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The neural basis of deception in strategic interactions


von Cramon,  D. Yves
Department Cognitive Neurology, MPI for Human Cognitive and Brain Sciences, Max Planck Society;

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Volz, K. G., Vogeley, K., Tittgemeyer, M., von Cramon, D. Y., & Sutter, M. (2015). The neural basis of deception in strategic interactions. Frontiers in Behavioral Neuroscience, 9: 27. doi:10.3389/fnbeh.2015.00027.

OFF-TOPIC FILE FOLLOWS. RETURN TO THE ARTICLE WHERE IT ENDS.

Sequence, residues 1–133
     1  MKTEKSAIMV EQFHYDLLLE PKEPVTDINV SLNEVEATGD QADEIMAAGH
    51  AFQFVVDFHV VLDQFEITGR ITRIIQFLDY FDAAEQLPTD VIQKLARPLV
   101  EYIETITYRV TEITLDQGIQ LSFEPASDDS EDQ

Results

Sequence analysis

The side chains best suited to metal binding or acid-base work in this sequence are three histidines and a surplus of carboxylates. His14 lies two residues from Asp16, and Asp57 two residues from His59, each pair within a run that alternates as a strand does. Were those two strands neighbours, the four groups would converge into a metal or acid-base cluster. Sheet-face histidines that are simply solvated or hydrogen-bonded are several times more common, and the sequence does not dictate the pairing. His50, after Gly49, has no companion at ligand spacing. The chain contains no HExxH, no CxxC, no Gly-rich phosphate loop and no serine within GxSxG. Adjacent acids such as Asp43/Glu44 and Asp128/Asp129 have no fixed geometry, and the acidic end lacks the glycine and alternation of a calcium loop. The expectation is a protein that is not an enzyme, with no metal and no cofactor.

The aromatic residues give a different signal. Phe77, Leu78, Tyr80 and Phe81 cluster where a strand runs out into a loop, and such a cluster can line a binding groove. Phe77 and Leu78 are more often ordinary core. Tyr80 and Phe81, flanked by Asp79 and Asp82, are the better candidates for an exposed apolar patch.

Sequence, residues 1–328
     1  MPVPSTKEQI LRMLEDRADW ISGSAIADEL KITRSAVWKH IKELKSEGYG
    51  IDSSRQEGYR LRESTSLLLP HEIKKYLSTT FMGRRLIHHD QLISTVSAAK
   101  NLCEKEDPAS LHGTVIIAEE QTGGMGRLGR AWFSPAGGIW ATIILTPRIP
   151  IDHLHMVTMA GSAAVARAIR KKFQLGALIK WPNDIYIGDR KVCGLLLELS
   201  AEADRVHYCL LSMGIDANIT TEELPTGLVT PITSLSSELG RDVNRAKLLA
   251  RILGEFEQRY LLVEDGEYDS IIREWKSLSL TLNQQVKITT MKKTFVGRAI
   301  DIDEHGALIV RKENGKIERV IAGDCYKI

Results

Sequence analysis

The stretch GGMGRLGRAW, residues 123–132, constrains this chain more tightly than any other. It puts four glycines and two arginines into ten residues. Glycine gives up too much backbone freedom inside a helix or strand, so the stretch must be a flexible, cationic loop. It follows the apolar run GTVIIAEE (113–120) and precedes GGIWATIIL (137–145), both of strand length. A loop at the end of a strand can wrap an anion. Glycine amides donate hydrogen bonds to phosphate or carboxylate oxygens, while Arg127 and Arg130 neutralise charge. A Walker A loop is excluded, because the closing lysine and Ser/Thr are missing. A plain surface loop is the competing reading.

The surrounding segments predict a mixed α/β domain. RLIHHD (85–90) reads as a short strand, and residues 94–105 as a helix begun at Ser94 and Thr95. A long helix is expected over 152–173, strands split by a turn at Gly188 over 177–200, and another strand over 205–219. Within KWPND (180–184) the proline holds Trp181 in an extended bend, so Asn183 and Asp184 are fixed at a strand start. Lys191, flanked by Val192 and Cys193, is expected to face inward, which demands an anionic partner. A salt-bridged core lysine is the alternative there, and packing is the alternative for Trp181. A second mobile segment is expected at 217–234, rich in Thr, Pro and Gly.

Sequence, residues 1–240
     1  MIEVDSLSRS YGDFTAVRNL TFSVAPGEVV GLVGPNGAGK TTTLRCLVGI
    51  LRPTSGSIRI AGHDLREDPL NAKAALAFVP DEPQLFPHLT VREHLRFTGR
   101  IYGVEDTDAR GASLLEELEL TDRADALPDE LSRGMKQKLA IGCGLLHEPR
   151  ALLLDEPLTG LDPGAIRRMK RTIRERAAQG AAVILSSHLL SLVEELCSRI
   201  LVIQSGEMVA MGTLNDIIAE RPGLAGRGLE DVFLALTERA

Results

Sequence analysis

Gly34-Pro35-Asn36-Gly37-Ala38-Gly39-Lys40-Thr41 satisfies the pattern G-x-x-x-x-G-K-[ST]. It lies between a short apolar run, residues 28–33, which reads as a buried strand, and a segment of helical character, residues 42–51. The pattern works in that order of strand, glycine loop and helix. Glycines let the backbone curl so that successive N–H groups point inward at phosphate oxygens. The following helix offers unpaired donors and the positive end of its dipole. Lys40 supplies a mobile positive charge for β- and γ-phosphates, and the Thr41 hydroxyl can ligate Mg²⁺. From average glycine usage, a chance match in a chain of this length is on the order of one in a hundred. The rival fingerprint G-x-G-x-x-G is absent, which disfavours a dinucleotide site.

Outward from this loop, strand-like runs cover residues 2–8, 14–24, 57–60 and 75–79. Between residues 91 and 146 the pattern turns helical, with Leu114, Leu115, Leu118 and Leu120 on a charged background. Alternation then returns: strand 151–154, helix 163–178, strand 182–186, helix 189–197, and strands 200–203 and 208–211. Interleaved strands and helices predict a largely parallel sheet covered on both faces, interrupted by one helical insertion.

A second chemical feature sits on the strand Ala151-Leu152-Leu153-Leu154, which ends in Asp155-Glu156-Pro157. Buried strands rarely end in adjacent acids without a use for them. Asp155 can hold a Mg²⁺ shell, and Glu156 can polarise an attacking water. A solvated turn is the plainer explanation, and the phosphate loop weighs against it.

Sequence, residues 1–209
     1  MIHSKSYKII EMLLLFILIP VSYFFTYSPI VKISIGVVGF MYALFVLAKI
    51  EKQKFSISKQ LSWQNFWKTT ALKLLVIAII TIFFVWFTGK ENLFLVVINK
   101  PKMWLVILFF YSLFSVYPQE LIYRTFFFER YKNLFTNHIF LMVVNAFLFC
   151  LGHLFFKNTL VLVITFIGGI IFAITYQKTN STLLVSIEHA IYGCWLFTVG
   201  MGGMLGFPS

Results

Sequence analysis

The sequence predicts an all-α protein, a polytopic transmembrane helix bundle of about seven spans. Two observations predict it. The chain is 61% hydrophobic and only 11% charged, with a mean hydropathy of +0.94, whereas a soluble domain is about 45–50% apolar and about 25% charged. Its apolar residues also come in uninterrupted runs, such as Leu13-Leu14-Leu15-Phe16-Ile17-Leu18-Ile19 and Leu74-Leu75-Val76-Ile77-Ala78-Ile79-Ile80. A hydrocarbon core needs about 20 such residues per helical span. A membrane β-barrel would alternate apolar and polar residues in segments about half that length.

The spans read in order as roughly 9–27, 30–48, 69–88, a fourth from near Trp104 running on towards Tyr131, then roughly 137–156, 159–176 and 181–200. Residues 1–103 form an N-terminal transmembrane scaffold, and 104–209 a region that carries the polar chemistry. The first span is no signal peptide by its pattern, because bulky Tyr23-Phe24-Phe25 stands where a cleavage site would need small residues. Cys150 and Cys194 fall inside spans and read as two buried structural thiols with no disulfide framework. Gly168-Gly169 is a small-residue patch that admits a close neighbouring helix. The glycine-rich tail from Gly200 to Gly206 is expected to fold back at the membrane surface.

Communication based on informational asymmetries abounds in politics, business, and almost any other form of social interaction. Informational asymmetries may create incentives for the better-informed party to exploit her advantage by misrepresenting information. Using a game-theoretic setting, we investigate the neural basis of deception in human interaction. Unlike in most previous fMRI research on deception, the participants decide themselves whether to lie or not. We find activation within the right temporo-parietal junction (rTPJ), the dorsal anterior cingulate cortex (ACC), the (pre)cuneus (CUN), and the anterior frontal gyrus (aFG) when contrasting lying with truth telling. Notably, our design also allows for an investigation of the neural foundations of sophisticated deception through telling the truth—when the sender does not expect the receiver to believe her (true) message. Sophisticated deception triggers activation within the same network as plain lies, i.e., we find activity within the rTPJ, the CUN, and aFG. We take this result to show that brain activation can reveal the sender's veridical intention to deceive others, irrespective of whether in fact the sender utters the factual truth or not.